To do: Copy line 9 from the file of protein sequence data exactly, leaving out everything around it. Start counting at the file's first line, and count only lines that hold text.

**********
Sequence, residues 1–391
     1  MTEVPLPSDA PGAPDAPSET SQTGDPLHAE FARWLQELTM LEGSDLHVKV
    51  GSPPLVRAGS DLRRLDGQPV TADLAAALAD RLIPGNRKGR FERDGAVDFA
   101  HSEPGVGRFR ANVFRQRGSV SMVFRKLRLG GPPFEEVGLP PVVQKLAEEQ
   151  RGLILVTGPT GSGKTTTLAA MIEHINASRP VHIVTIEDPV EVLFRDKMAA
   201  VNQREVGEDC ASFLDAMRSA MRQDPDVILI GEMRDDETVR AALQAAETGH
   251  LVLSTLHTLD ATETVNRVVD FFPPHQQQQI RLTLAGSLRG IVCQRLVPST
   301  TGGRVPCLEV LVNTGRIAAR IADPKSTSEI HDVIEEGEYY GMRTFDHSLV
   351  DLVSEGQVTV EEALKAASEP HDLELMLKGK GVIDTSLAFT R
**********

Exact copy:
   351  DLVSEGQVTV EEALKAASEP HDLELMLKGK GVIDTSLAFT R